As a collective, Australians generally dislike the government involving itself unnecessarily in our daily lives and expanding the ever-growing influence of the nanny state.
But as the crisis continues to unfold, all of a sudden there are industries and businesses coming out of the woodwork by the dozen, to appeal for government handouts and ongoing intervention by the Morrison government.
The pretext of a free market economy where businesses succeed or fail solely on their own merits has evaporated in a matter of months, along with what was left of the Morrison government’s credibility as superior managers of the federal budget.
Billions of dollars in handouts have been given to businesses and/or organisations who are now posting bumper profits or never faced a significant threat of job losses in the first place.
The Premier retail group owned by billionaire Solomon Lew is just one example. Premier is expected to deliver record profits this year of over $180 million, despite claiming millions of dollars worth of JobKeeper payments since the program’s inception.
It’s not just the corporate world taking advantage of JobKeeper to help their bottom lines. Along with some of the nation’s most elite private schools Catholic parishes have claimed JobKeeper payments for their priests — and both the Liberal and Labor parties have got in on the act, claiming JobKeeper for some of their party staff.
This enormous government intervention has further reinforced the commonly held idea that the government will step in to save the Australian public from bad economic outcomes. After almost 30 years between recessions and a history of government intervention, it’s unsurprising that this view has become so widely held.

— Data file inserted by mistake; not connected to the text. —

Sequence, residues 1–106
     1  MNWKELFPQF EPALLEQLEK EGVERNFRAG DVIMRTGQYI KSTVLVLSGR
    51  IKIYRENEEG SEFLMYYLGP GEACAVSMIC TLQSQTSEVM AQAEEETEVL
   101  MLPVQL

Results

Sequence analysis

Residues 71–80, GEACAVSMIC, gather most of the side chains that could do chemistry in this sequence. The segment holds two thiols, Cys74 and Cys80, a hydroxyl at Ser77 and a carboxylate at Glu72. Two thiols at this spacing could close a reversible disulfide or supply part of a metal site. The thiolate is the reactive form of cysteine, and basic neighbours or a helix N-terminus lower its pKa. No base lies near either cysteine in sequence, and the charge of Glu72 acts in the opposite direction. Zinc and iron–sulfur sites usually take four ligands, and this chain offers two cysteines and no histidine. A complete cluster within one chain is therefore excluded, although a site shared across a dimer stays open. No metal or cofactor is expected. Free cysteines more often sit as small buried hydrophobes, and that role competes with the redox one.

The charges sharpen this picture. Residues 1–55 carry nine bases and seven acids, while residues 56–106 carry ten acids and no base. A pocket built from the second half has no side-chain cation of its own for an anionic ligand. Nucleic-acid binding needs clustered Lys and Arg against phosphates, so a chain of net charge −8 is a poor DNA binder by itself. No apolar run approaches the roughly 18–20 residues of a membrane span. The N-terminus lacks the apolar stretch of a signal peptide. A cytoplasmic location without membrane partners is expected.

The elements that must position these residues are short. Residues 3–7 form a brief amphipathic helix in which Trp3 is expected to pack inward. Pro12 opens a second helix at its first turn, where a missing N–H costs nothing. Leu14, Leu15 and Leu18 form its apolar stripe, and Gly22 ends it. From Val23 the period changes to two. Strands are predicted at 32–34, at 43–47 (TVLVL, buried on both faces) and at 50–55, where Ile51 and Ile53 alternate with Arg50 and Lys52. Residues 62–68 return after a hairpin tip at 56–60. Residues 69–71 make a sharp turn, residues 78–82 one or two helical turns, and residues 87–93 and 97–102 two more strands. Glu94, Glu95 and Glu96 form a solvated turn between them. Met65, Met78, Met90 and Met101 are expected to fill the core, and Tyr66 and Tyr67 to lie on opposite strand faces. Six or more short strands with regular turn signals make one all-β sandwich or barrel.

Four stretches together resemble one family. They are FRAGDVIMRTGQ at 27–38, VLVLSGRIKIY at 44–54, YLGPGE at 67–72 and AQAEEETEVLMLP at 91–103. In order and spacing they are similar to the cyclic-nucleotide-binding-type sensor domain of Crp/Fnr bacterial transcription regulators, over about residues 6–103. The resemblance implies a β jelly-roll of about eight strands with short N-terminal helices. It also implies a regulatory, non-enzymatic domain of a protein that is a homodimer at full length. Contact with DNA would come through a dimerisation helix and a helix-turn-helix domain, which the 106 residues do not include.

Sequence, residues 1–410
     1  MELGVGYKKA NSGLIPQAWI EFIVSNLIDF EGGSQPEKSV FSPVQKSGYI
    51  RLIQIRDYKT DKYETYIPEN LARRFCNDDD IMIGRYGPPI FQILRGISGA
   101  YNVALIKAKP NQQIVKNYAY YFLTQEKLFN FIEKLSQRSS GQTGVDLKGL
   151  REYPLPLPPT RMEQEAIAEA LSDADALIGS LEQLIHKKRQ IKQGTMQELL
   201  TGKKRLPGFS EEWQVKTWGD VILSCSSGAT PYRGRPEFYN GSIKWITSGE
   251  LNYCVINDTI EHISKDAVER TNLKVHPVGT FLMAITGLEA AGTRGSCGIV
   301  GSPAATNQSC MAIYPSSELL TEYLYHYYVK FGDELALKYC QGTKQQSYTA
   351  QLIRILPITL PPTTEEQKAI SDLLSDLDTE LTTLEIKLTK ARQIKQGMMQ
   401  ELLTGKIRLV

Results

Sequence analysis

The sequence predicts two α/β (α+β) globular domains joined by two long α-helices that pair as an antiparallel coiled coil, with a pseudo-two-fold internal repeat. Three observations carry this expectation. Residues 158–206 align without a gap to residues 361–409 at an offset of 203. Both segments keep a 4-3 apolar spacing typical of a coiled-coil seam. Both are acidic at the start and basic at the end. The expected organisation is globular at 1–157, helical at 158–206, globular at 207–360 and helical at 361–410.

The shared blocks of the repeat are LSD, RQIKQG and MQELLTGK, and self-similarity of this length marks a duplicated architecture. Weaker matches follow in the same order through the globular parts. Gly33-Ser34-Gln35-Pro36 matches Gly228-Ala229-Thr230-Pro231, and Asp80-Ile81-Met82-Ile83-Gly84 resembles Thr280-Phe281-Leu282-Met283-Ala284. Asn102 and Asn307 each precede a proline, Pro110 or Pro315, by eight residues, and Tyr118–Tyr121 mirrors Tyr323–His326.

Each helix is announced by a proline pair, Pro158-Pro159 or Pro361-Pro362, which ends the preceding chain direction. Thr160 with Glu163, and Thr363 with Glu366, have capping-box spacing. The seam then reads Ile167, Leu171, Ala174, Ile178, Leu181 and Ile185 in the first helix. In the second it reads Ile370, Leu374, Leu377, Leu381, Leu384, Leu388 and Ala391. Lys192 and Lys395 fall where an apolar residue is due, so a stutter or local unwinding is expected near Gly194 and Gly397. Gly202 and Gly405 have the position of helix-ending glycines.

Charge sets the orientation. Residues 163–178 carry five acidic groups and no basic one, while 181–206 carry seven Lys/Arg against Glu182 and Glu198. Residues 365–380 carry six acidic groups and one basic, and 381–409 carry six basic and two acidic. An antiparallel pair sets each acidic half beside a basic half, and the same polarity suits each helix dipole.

But as the economic crisis continues to unfold it is becoming increasingly clear that this view is as commonly held as it is wrong.
The scale and length of this crisis is enormous. Unemployment is forecast to be as high as nine per cent at the end of 2021 and there are concerns that this estimate may end up being optimistic.
In this environment, the government’s focus is squarely on the welfare of the Australian people and the protection of the productive economy.
With a finite amount of resources, not everything and everyone can be saved from enduring a level of hardship that few Australian’s under 45 are accustomed to.
Perhaps the most notable example of expected government intervention that may not materialize to the degree its proponents believe, is the housing market.
It is true that housing prices and household wealth levels are important to the Morrison government, but with a long list of productive industries needing support to spark the fires of economic recovery, it’s not likely to be the target of very large amounts of government’s limited resources.
We had almost 30 years of almost unparalleled economic luck, but it’s now a brave new world. Ultimately, Australians need to become accustomed to the idea that the government may not be able to save everyone and everything.
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